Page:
"Judges Cunningham's prejudices, bias and animus against him prevent him from being the impartial judge who requires the Due Process Clause of the Constitution," said Halprin lawyers.

"His central role in the process from start to finish is a structural defect and requires that the judgment of conviction and the death penalty be abandoned."

According to the Dallas Morning News, Cunningham also often used the N word when referring to black people.

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He caught national attention last year when he narrowly lost a race to become the Republican candidate for a Dallas County commissioner.

It was learned during the race that Cunningham set up a living trust with a clause that rewarded his children if they married a white, heterosexual Christian, according to the Dallas Morning News.

Cunningham has denied being a fool. He also says that his views on racial marriage have evolved.

Halprin is currently locked up in the infamous lone Allan B. Polunsky unit in Livingston, Texas.

He was convicted of his role in the so-called "Texas Seven" gang – a group of seven prisoners who escaped from a prison in South Texas in December 2000.

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After their escape, they committed several robberies, including one from a sports store on Christmas Eve.

Aubrey Hawkins, a police officer who responded to the call about the robbery in the store, was lured into ambush and shot 11 times.

The escaped prisoners were arrested a month later in Colorado and ended a six-week manhunt.

One of them committed suicide when the officers were closed and the other six were convicted of killing Hawkins and sentenced to death.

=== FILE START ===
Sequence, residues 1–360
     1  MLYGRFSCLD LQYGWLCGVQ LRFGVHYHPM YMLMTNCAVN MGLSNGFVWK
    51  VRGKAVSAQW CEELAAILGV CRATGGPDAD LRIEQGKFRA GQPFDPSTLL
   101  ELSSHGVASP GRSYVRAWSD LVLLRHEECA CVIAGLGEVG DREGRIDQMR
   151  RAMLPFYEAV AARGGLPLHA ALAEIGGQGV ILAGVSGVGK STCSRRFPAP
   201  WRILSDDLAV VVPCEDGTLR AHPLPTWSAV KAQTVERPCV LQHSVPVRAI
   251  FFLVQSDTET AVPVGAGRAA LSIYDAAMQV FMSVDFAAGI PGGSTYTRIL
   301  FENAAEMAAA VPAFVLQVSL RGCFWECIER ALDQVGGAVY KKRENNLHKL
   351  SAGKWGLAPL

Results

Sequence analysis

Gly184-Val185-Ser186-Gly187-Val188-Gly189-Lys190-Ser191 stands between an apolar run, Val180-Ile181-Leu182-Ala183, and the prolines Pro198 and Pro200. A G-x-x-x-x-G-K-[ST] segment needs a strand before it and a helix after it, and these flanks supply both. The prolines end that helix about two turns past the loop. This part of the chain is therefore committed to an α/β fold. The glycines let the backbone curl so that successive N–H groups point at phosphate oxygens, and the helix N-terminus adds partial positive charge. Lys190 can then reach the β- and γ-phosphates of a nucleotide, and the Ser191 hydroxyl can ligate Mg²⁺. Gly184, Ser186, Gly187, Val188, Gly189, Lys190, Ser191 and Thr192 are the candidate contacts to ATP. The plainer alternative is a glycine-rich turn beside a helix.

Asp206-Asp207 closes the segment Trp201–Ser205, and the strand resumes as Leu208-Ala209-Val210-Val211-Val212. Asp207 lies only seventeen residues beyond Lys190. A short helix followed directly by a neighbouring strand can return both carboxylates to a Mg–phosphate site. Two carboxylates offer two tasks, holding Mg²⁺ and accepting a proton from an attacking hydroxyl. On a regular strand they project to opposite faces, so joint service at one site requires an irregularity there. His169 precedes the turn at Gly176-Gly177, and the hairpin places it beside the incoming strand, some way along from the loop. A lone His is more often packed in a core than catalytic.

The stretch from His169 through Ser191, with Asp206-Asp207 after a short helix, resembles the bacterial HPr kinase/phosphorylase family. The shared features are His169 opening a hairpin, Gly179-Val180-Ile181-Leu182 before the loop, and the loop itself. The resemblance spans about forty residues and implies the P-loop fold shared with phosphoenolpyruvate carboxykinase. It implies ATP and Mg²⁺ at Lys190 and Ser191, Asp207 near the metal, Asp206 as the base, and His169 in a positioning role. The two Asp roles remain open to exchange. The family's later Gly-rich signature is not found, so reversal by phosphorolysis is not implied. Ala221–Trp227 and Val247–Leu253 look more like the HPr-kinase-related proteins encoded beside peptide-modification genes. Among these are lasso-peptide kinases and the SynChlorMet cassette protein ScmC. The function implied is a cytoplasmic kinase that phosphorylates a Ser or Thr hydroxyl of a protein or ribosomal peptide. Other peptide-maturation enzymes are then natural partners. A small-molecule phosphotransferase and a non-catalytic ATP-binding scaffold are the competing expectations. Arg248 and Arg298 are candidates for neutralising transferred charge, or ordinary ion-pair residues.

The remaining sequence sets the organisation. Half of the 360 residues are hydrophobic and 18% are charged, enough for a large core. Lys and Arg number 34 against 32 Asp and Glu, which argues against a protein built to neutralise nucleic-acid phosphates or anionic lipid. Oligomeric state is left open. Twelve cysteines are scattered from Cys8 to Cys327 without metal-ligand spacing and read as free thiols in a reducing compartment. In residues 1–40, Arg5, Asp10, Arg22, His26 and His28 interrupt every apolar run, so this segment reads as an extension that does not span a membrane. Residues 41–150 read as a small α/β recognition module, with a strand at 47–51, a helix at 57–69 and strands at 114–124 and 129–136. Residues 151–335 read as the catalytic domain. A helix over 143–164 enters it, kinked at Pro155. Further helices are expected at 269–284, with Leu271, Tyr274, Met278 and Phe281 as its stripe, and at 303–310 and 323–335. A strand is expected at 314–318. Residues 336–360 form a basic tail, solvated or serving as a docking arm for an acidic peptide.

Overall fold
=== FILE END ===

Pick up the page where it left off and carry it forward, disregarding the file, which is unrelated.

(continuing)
Members of the & # 39; Texas Seven & # 39; clockwise from top left: Joseph C. Garcia; Halprin; Larry Jame Harper; Patrick Henry Murphy Jr. Michael Anthony Rodriguez; George Rivas; and Donald Keith Newbury

Members of the & # 39; Texas Seven & # 39; clockwise from top left: Joseph C. Garcia; Halprin; Larry Jame Harper; Patrick Henry Murphy Jr. Michael Anthony Rodriguez; George Rivas; and Donald Keith Newbury

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Members of the & # 39; Texas Seven & # 39; clockwise from top left: Joseph C. Garcia; Halprin; Larry Jame Harper; Patrick Henry Murphy Jr. Michael Anthony Rodriguez; George Rivas; and Donald Keith Newbury

Four of the prisoners have already been executed.

In March of this year, the Supreme Court stopped the execution of one of the members of the Texas Seven, Patrick Murphy, after judging that the state was acting unconstitutional by not leaving his Buddhist priest in the execution room.

His execution is now scheduled for November.

Murphy says he was the escape driver and played no role in the Hawkins murder.

But the & # 39; law of the parties & # 39; in Texas states: & # 39; If, in an attempt to commit a conspiracy to commit a crime, another crime is committed by one of the conspirators, all conspirators are guilty of the crime actually committed, although they are not intention to commit if the crime was committed to promote the unlawful purpose and there was one that should have been anticipated as a result of the execution of the conspiracy. & # 39;